Text by Julia Masi
© FFanzeen Magazine, 1983
Images from the Internet
The following article originally appeared in FFanzeen Number 11, which was issued in 1983.
“I didn’t expect anything. I didn’t expect to be anything by myself. I’m just doing what I want to do. The environment changes you. The music business really changes you. A lot of people are greedy. A lot of people are just out for their own end and they don’t give a damn for anyone but themselves. And I think that’s a damn shame,” says Annabella Lwin, vocalist of Bow Wow Wow, reflecting on her four-year flight to fame. Slipping away from the crowds at the New Music Seminar, she shad on the bed in RCA’s suite at the Hilton and tried to explain what it is like to be the center of attention in an extremely hot rock'n’nroll band.
“I enjoy performing live. It’s the only time I get to stand next to the audience and have any real contact with them.
“I can’t really build up any solid relationships. People in your record company, you build up a relationship with, but people you met at gigs, you talk to them. And you’re on tour for four-and-a-half months; you leave and never see them. You meet so many people it’s hard to remember who they are. It’s the faces I remember.
“It’s really interesting being on the road. So much can really mix you up. You have to look after your heath, that’s the first thing. So many things can happen to you. Look what just happened to Matthew.” Earlier this summer, when the band played at Great Adventure Amusement Park in New Jersey, lead guitarist Matthew fell from the stage and broke his hand. And the band had to cancel the remainder of the tour to give Matthew time to recuperate.
“All those people are disappointed. Even the waiter in the restaurant the next day (after the accident) said, ‘We’re really looking forward to seeing you play.’ And I said, ‘I’m sorry, but the tour’s been cancelled.’ He was really disappointed. We’re disappointed, too. It wasn’t our fault. You’ve got to explain, that’s what we’ve been doing for two weeks. We’re all having a bit of a break.”
The past two weeks have not exactly been a vacation for Annabella and band. Their days have been heavily scheduled with interviews and appearances on local talk shows. Most of the band’s publicity centers on Annabella. And even though she is extremely loquacious, she’s often a little uneasy about all the attention.
“When I first joined the band, I was young and too naïve to know about the business. And sometimes people can push until they push a bit too far and push you over the edge.
“There was always a lot of controversy about album covers and stuff. Because I’m a girl and I was young. The media picked up on that right away. And I was being looked at differently. And it was really just me doing what I wanted to do.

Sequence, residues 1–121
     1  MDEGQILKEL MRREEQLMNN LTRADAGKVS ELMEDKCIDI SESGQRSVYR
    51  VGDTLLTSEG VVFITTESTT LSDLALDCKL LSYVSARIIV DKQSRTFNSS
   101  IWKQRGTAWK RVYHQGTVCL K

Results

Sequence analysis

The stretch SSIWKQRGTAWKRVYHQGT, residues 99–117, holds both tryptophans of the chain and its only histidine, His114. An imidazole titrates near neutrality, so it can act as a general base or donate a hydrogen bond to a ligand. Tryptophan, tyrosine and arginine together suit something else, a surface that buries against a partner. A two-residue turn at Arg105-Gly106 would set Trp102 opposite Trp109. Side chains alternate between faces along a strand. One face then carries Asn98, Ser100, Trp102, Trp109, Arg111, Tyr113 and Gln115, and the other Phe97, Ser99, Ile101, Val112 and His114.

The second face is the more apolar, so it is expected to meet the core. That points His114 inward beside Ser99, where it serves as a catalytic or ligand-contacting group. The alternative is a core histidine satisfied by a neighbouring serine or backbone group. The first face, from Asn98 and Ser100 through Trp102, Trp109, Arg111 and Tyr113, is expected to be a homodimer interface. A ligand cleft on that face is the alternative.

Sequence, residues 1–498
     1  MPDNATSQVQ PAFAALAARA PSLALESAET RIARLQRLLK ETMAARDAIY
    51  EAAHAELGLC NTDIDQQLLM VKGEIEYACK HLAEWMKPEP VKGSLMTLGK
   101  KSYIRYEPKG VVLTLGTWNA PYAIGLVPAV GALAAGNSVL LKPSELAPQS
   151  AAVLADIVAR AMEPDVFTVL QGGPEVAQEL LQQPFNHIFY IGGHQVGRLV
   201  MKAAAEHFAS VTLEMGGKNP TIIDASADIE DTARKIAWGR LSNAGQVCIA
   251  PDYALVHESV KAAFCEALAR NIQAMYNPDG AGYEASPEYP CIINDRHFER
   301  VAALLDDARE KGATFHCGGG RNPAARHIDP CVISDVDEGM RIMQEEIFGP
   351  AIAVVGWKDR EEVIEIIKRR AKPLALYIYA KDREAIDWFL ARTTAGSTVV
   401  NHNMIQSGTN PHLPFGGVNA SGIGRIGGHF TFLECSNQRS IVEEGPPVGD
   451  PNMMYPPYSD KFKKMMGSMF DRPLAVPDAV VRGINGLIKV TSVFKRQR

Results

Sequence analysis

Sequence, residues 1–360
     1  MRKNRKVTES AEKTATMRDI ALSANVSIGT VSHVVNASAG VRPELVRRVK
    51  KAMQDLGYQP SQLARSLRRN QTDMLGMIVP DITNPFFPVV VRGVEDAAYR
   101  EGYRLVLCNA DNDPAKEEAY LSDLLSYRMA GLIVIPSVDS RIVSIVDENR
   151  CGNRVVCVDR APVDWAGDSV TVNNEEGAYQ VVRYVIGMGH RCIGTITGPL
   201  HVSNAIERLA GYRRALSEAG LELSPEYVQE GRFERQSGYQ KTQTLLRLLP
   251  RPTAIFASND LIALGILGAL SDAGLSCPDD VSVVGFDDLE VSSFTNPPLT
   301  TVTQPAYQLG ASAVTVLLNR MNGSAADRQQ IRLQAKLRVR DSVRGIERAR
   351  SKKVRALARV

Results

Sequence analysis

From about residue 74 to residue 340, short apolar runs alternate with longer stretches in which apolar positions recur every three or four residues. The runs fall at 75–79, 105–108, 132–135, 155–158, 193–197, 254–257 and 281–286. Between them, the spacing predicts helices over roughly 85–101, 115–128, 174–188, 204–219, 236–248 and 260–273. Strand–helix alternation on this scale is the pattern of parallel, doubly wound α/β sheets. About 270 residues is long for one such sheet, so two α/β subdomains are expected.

“[The press] just see an image. They just see this shell,” she runs her hand in front of her face and torso. “Because I am what I am to people, they don’t seem to realize that there’s a different person underneath this shell. I’m a different person. They let their minds wander as far as images concerned. When people meet me, then they know what I’m like.
“It makes me laugh inside when I see these people; they act a certain way because they think I’m my image. Then they put on an image themselves just to talk to me. And I want to,” she collapse on the bed, points to the corner and laughs, “’Why are you doing that? Don’t you look funny!’ But I don’t. I just,” she sits upright, demurely crosses her legs and appears to be biting her tongue, “say, ‘Yes. No. That’s interesting.’ It’s really funny!
“That’s another thing I learned being the lead singer: I have to be the focal point. I have to do a lot of the plugging. The rest of the band doesn’t really understand the responsibility. You don’t understand that responsibility unless you’ve had it, and they haven’t.
“When the band started out it wasn’t meant to be [just] the lead singer; it was meant to e a band. Everyone in the band is one-quarter of the band. Me and Dave came over to do the interviews because we’re half the band. But they see it as Annabella of Bow Wow Wow. It puts more responsibility on me.”
She is very careful about how she handles the stress that accompanies her lifestyle. She watches what she eats and eschews liquor. “It’s not worth poisoning your body. Or poisoning your mind. Another thing I can’t understand is why people take drugs.” She quickly considers all the usual excuses and rationalization for indulging in chemicals and how prevalent it is in the business. Then she adds, “If they can’t handle the responsibility then they should get out of the business.”
Annabella, of course, has no desire to shed the spotlight. But if she did retire, she muses that, “I’d probably work in the dry cleaners. I’d probably make more money because of my success. When I left, they put a sign in the window: ‘Girl wanted to work in dry cleaners. Please don’t be able to sing.’ Actually, I’d always wanted to work in a cake shop. I love to bake anything that’s edible.”
Enough though Bow Wow Wow performs a concert scene in the soon to be released movie, Scandalous, staring Sir John Gielgud and Robert Hays, Annabella is not planning a life in the cinema. “I can’t act to save my life.” That’s probably a blessing in disguise because it’s her honest, on and off stage, that makes her appealing.
The following interview is from cable access show Videowave; other great interviews with various artists can be found on YouTube from this program.